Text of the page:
Interzone #270

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Rushford Recapitulation by Christopher Mark Rose
illustrated by Richard Wagner

An eggbeater. An autopipette. A Texas Instruments TI-30 calculator.

When Connie Romanski’s water broke, Zack was working on his car, out under a sticky old hickory tree. He knew he had already made one mistake, and now he wasn’t going to get his Chevy Nova back together fast enough. He had bought the wrong gasket. After disconnecting the spark plug cables and half a dozen other connections, and slathering up that gasket with a drippy black sealant that smelled foul when it hit the hot engine, he saw it was never going to fit. Then he heard Connie’s shriek.

Like You, I Am A System by Nathan Hillstrom

I did it because I love you.

Dirty Code by Wayne Simmons
illustrated by Dave Senecal

He wakes in his own time. No alarm buzzing in his ear, no sun cutting through the glass. Just his eyes opening, adjusting to the half-light of the room and the woman beside him.

He rolls the covers back, sits up. There’s an old electric lamp by his bed and he flicks it on then walks across the room. Checks the mirror, turns his face this way and that. Everything’s there that needs to be there.

Encyphered by Jonathan L. Howard

“We all have our secrets.” How could his mother smile as she said such a thing? How could she smile as she roped his whole life around with steel cable and drew it tight?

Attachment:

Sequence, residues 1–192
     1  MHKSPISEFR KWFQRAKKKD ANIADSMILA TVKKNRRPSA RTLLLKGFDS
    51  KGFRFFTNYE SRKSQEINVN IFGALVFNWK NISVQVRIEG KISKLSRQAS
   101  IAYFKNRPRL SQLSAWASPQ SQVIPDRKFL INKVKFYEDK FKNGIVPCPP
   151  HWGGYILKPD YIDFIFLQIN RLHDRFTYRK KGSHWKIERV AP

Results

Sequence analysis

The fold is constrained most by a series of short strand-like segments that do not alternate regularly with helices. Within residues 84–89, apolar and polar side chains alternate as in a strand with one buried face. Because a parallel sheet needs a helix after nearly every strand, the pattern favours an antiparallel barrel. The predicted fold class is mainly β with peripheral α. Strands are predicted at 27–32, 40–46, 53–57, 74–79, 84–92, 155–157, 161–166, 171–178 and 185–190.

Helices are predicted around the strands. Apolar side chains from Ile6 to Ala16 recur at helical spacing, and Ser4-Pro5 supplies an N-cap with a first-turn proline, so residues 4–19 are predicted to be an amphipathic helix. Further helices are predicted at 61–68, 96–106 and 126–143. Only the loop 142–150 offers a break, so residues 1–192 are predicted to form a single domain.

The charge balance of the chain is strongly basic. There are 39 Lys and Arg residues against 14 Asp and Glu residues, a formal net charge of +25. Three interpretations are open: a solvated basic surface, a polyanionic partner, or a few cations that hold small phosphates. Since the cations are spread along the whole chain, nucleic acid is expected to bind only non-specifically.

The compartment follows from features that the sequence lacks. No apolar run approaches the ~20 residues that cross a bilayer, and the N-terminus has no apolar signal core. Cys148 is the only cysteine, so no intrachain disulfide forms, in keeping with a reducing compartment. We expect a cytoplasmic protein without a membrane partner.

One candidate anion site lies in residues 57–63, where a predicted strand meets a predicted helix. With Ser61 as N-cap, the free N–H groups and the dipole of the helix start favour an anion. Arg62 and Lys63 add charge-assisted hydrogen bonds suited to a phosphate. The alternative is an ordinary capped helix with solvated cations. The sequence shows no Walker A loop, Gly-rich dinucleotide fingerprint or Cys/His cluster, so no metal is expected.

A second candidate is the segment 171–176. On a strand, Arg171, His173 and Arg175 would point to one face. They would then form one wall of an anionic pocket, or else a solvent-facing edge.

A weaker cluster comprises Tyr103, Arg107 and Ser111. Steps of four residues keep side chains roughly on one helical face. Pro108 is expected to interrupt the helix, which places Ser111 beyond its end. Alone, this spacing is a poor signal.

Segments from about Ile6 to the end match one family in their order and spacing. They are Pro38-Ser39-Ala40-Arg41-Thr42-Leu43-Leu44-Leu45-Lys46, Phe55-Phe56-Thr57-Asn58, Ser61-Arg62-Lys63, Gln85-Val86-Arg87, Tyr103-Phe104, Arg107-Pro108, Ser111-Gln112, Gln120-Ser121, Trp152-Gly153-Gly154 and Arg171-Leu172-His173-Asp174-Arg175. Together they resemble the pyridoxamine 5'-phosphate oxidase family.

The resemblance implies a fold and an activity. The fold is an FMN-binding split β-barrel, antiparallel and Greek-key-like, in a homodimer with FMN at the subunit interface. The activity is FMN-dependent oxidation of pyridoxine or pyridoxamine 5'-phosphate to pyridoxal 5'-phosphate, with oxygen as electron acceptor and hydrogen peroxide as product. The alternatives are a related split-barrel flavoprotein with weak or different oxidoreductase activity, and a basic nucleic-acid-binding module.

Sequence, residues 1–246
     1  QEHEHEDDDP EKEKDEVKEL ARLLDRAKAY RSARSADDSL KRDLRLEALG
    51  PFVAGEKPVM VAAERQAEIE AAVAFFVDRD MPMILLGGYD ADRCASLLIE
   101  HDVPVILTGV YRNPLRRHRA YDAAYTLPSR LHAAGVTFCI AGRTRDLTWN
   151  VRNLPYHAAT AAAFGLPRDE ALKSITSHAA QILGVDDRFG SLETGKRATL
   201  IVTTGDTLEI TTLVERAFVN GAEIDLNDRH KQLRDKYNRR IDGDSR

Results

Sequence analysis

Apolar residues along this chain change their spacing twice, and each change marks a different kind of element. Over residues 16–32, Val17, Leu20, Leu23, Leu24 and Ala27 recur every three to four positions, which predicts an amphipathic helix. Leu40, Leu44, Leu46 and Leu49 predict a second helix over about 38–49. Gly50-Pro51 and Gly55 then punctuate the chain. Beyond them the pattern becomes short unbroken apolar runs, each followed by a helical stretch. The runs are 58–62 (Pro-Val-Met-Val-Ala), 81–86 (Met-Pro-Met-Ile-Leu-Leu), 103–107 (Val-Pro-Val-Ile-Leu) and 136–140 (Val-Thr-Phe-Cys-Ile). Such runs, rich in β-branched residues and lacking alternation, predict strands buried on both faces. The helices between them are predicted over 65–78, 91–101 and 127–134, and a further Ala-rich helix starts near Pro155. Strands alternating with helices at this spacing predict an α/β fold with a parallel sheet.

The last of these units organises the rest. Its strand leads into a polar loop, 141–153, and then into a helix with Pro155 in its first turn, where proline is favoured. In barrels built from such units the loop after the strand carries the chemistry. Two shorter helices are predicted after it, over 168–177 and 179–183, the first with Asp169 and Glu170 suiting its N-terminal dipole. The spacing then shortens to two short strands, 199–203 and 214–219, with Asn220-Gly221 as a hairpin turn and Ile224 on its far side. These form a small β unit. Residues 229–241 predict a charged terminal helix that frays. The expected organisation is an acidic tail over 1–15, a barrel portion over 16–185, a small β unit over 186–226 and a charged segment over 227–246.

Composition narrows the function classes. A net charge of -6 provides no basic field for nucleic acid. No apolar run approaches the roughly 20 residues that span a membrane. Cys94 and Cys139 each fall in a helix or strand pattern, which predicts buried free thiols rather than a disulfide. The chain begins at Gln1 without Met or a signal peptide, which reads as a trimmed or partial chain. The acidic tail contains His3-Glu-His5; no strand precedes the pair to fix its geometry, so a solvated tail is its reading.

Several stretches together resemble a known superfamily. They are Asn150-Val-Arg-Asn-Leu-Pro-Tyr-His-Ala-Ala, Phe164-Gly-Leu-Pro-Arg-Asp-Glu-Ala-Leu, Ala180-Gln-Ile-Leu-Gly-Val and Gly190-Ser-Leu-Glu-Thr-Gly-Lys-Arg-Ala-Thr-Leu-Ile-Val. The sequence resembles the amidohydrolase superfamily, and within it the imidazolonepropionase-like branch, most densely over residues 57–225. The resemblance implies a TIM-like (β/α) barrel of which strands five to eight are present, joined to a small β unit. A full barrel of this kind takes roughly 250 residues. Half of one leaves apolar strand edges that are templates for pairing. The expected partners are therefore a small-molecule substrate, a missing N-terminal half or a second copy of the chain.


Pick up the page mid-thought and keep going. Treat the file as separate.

The New Man by Malcolm Devlin
illustrated by Richard Wagner

I used to write you poetry. I found pages of it in our bedroom, folded four times and tucked snug behind the bedpost on your side of the bed. I sat and unfolded the paper, spotted with grey circles which smeared and spiked the blue ink. The handwriting was mine, but the words were written by the person I used to be.

I set to reading them, but soon struggled. The individual words were clear, but they became lost in sentences which were difficult, lines that I couldn’t decode at all.

Evangeline and the Forbidden Lighthouse by Emily B. Cataneo
illustrated by Richard Wagner

I read once that all over the world, people who live oceanside tell stor­ies about how their stretch of coast is haunted. Of course, I’ve never left the country, so I can only speak for the inlet where I once lived, Fox Sands. The local legend there concerns a lighthouse, a thin gray spindle on a handful of gray rocks, perched just on the edge of the geographical horizon. No one knows who built it, but its beam always sweeps the roiling ocean when storms march up the Atlantic, and the story runs that its keeper has lived there for centuries with a certain gift from the lighthouse: no crow’s feet, no ticking clocks, only climbing spiral stairs to the lantern room with knees and ankles that never ache, on endless day after endless day.

Memories of Fish by Shauna O’Meara

The drone hangs, unmoving, above a wet, cement thoroughfare. The three-hundred-and-sixty degree image it feeds to The Tourist’s surround-screen is of a mountain marketplace near Bandarawela. Ground tarps bearing all manner of Sri Lankan fruits, vegetables and spices flank the rain-puddled path and, in turn, both hemispheres of his living room, the calls of the vendors in their sarongs, reddas and saris piercing through The Tourist’s audio alongside the scents of curry, cow-dung and damp vegetation called forth by the olfactory interpreter.

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